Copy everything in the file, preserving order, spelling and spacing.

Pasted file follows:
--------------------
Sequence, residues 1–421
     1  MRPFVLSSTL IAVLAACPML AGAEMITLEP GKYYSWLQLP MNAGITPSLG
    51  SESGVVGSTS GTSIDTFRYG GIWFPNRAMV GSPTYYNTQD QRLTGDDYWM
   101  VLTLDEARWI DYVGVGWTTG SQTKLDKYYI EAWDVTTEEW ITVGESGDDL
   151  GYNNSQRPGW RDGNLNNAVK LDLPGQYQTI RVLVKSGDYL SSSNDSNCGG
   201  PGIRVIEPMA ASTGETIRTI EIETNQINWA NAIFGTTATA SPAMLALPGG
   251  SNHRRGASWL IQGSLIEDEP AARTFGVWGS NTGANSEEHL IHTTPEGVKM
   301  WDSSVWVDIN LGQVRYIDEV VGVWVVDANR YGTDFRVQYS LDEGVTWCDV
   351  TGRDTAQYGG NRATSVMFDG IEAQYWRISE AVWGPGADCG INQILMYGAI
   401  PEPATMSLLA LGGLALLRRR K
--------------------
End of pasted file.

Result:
Sequence, residues 1–421
     1  MRPFVLSSTL IAVLAACPML AGAEMITLEP GKYYSWLQLP MNAGITPSLG
    51  SESGVVGSTS GTSIDTFRYG GIWFPNRAMV GSPTYYNTQD QRLTGDDYWM
   101  VLTLDEARWI DYVGVGWTTG SQTKLDKYYI EAWDVTTEEW ITVGESGDDL
   151  GYNNSQRPGW RDGNLNNAVK LDLPGQYQTI RVLVKSGDYL SSSNDSNCGG
   201  PGIRVIEPMA ASTGETIRTI EIETNQINWA NAIFGTTATA SPAMLALPGG
   251  SNHRRGASWL IQGSLIEDEP AARTFGVWGS NTGANSEEHL IHTTPEGVKM
   301  WDSSVWVDIN LGQVRYIDEV VGVWVVDANR YGTDFRVQYS LDEGVTWCDV
   351  TGRDTAQYGG NRATSVMFDG IEAQYWRISE AVWGPGADCG INQILMYGAI
   401  PEPATMSLLA LGGLALLRRR K